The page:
By definition, independence means the freedom from the control, influence, support, aid, or the like of others. Sadly, many women are opting to ‘go it alone’ to the top when it comes to climbing the corporate ladder.
Here are some current statistics on women in the workforce and how far an independent mind set is getting them.
Full time women working are earning on average 80.9 cents for every dollar earned by a man working full-time, according to figures assembled from federal labor and Census reports by Catalyst.
In 2012, the median weekly earnings for full-time working women was $691, compared with $854 for men.

With professional degrees, women make $1,415 compared with $1,836 for men.

Women make up almost 45 percent of the workforce; they represent only 4.2 percent of the management of Fortune 500 and Fortune 1,000 companies. They make up 14 percent of the top jobs of all U.S. corporations and represent 17 percent of corporate board membership.

The shortage of females in leadership positions may be tied to the way women are conditioned by social norms: inept to compete with men, unable to ask for the raise, not assertively expressing opinions – or worse – being pegged as “bitchy”. Then add the desire to start a family and trying to figure out where career fits in.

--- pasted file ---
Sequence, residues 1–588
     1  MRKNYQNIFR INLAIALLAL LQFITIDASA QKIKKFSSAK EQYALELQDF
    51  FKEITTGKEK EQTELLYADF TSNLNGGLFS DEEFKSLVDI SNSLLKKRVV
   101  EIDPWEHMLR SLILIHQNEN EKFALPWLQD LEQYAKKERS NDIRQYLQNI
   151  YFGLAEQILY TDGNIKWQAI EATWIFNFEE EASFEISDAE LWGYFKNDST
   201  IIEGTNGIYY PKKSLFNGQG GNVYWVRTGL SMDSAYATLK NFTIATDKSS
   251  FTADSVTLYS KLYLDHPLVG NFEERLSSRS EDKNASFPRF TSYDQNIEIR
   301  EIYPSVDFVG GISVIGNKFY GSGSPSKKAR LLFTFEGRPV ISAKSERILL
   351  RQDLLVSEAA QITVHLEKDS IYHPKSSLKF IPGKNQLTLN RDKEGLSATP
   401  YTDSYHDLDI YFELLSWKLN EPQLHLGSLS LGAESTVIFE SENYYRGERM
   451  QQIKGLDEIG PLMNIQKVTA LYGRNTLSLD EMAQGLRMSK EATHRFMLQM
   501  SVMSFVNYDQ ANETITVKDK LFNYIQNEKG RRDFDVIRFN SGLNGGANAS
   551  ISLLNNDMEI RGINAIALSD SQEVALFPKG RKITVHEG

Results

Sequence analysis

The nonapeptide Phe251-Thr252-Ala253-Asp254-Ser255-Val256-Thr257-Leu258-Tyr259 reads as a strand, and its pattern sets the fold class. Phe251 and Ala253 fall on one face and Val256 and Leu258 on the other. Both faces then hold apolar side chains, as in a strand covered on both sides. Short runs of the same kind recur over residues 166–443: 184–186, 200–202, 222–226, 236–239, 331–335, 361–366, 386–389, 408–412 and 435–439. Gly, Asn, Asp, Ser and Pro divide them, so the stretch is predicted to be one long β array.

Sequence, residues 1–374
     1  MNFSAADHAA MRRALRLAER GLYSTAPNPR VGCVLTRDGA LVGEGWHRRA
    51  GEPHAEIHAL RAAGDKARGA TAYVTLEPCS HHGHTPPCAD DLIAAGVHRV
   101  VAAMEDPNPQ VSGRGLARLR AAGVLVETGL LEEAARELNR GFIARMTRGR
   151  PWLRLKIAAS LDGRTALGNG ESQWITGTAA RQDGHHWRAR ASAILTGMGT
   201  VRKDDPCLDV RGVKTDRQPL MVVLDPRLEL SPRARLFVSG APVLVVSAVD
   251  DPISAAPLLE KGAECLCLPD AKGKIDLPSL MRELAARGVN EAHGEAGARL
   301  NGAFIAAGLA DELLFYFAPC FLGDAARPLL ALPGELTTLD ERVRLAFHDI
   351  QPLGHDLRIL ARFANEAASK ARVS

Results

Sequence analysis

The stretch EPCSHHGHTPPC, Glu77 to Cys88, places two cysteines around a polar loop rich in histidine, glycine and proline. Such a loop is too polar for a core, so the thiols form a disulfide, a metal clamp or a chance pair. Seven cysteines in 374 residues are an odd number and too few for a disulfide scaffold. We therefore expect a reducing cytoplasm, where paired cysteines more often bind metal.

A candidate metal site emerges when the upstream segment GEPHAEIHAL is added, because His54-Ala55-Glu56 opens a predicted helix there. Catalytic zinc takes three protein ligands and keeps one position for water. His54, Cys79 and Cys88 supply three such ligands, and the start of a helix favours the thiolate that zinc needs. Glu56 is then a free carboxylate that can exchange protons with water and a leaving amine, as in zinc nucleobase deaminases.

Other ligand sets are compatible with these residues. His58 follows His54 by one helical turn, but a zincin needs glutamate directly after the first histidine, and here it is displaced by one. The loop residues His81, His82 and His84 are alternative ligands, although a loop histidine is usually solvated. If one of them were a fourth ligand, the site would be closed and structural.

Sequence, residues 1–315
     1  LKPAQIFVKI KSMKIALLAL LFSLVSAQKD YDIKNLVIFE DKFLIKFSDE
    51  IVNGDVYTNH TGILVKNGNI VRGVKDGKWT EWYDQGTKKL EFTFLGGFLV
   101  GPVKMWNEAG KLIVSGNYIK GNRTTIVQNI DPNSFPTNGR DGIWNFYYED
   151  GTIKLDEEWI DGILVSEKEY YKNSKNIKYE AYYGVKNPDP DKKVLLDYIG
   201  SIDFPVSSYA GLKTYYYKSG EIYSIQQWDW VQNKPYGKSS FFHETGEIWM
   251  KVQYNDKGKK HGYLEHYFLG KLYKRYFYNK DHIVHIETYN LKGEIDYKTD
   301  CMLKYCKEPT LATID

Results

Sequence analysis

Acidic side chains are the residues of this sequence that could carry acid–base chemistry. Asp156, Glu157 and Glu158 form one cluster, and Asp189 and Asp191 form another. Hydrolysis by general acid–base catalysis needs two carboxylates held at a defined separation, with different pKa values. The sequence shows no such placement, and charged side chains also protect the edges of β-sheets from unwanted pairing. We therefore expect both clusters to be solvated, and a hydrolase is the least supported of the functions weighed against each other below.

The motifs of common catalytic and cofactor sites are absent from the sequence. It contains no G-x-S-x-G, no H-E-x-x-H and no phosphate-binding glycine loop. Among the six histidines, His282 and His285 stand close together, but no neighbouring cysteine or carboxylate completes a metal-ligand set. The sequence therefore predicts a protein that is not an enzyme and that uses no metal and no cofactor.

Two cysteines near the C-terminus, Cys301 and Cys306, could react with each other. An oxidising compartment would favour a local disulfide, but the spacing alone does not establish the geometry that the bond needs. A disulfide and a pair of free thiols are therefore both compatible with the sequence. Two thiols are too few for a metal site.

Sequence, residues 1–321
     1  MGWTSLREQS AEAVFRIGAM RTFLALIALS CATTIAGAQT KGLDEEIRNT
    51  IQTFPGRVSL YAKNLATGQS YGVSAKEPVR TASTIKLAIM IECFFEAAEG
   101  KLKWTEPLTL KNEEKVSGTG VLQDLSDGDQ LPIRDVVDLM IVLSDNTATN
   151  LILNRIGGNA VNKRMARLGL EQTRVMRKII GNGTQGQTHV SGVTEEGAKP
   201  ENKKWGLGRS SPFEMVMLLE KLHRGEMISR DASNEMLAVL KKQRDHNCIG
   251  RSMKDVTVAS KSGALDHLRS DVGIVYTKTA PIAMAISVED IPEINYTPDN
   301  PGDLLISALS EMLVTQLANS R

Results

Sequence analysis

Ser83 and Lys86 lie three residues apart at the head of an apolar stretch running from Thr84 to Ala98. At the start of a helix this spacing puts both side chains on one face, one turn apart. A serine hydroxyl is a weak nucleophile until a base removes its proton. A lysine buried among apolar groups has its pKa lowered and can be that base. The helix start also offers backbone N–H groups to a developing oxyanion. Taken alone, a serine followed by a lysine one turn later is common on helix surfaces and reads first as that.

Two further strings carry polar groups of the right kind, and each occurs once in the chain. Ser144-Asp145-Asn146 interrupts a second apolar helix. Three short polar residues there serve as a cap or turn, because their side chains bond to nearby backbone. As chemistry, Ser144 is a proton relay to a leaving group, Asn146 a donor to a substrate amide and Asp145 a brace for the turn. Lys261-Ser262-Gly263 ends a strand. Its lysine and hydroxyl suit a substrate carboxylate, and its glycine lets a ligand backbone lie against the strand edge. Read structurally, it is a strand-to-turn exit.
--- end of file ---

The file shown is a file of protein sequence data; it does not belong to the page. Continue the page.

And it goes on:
Independence for some women is a slippery slope because it conjures up the notion of isolation in the struggle to earn a seat at the table. But it doesn’t have to be.
Work and independence is the delicate balance of ‘me’ and ‘we’. 
Knowing when to ask for help from another, understanding how to build relationships and being open to learning how to sort out this thing we called career is deeply needed as more women seek power at work.
Mostly, it’s the ability to put one’s ego aside and work alongside another team member – even if you don’t like them.
One of my clients’s put it perfectly at the bottom of her email signature. It reads:
“If you want to go fast, go alone if you want to go far, go together”